On Thursday 18 February I spent the day working at one of my favorite remote locations. I like the staff there, and have a high regard for my agency colleagues whose positions are housed under its roof. I normally work through any kind of formal lunch break, usually waiting to eat until after I’ve completed testing and the client has left the milieu. Then, I work until I’ve completed scoring, charting, and have written up the interview.
Thursday, however, I took my lunch in the breakroom with our interpreter and two or three local staff members who were already there. One of the staffers is pregnant, and said she is due in about six weeks. She said that she and the baby’s father planned to find out about their unborn child’s sex by sonography. Another woman came in to the breakroom and joined the conversation. She made a pot of coffee, and said her first grandchild was scheduled for delivery around midnight. She mentioned that her daughter opted against the use of ultrasound to find out whether the baby is a boy or a girl.
Conversation then turned to non-scientific means for determining the sex of an unborn child. Two folk methodologies were discussed in detail – the Broom-Straw Method and the Draino Method.
The Broom-Straw Method
The Broom-Straw Method requires the use of a broom-straw. We didn’t discuss the relative merits of naturally occurring straw or the nylon-strand variety for the purposes of this application. The very pregnant woman is asked to lie on her back and expose her midriff. The full-length broom-straw is set lengthwise, that is running head-to-toe, upon the abdomen’s apex. If the straw is observed to rotate (clockwise or counter-clockwise – direction of rotation was not discussed), then the unborn child is a boy. If the straw rocks from end-to-end along its length, then unborn baby is a girl.
Another use for the broom-straw is in determining the ripeness of watermelons. The method is this: One lays the broom-straw across the green, and only the green, portion of the watermelon. If the straw exhibits rotational movement, it is ripe.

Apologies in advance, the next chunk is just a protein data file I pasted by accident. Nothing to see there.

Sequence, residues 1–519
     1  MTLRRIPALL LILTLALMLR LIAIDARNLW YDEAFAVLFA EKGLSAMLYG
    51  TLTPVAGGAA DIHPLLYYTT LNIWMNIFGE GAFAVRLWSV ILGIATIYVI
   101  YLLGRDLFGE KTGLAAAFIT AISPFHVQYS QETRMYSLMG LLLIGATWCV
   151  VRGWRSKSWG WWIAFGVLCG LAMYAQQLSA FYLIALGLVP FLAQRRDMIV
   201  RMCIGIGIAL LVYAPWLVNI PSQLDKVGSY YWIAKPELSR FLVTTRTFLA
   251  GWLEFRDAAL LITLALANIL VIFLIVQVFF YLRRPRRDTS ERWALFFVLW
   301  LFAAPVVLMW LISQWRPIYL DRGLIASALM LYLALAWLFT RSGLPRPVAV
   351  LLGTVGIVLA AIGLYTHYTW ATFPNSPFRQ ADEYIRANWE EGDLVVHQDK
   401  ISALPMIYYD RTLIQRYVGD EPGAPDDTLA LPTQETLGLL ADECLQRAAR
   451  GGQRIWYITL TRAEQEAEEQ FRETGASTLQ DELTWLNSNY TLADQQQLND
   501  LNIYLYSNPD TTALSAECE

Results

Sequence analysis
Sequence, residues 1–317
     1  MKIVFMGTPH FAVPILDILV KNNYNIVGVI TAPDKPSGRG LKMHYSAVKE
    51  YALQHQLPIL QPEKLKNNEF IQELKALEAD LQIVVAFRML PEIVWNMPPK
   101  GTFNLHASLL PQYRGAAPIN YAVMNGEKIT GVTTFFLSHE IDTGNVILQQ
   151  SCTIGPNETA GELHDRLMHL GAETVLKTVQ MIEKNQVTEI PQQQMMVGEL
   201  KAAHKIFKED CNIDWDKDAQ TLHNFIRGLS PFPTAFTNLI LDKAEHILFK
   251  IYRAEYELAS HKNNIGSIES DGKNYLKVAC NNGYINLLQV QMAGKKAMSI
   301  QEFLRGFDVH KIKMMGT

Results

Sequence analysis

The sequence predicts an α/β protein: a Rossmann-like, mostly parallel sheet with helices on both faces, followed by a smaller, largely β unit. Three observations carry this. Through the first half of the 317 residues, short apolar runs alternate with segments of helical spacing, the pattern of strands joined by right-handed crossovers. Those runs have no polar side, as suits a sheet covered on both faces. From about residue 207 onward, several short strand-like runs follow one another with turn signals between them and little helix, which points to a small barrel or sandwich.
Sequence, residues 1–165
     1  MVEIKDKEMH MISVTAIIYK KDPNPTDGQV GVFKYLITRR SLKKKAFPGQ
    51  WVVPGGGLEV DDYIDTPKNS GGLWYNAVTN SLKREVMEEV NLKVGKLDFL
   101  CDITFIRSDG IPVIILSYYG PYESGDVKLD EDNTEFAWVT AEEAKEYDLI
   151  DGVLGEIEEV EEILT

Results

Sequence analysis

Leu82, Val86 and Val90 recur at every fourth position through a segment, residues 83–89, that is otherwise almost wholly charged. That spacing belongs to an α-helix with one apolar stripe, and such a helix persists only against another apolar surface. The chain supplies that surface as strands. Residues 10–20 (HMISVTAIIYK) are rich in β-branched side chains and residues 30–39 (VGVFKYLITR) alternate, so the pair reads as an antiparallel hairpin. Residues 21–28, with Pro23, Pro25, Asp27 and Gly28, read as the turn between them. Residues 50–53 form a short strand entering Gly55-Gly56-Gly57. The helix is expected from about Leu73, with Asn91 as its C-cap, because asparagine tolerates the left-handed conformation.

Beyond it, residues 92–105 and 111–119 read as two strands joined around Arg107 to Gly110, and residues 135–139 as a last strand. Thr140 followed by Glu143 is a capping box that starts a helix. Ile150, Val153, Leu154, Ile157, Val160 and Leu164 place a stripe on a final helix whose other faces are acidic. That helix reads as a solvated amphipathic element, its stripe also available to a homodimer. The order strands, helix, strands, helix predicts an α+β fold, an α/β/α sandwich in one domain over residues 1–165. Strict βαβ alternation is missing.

The Draino Method
The Draino Method requires that the woman wishing to know the sex of her unborn child obtain Draino crystals. The woman’s urine should then be combined with with Draino crystals in a safe container, and then stirred. If the resultant mix is green, the sex of the child is female. If blue, the child’s sex is male. Or is it the other way around? Very frankly, I should have written this down upon auditing the discussion. Perhaps a reader will comment.
Terry, the woman whose daughter, Brandi, was scheduled to give birth late night of the 18th, or early on the morning of the 19th, said when asked that her daughter might be willing to participate in a broom-straw experiment. She telephoned to her daughter, who agreed to present and take part in the experiment sometime during the afternoon. I returned to my work in a nearby conference room, and became so absorbed in my tasks that I was somewhat startled when I do not know how much later Terry stuck her head in and told me that Brandi had arrived.
I wish to make it known that I had no part in the experiment except as an observer. Because I had with me the camera I usually carry, I asked Brandi for and was granted permission to photograph the proceedings.
What we observed was that, after the broom-straw was placed as pictured above, it exhibited slight rotational movement – no more than about two centimeters’ movement. The straw was removed and replaced a once or twice with the same results.
On Monday morning of this week, I returned to the county office where the experiment was conducted and again spoke with Terry who told me that her grandson, Carver Daniel, was born 1-19-10 at 12:58 p.m. His weight at birth was 8 pounds 9 ounces, and he measured 21.5 inches in length. I am happy to report that mother and son are both healthy and doing well.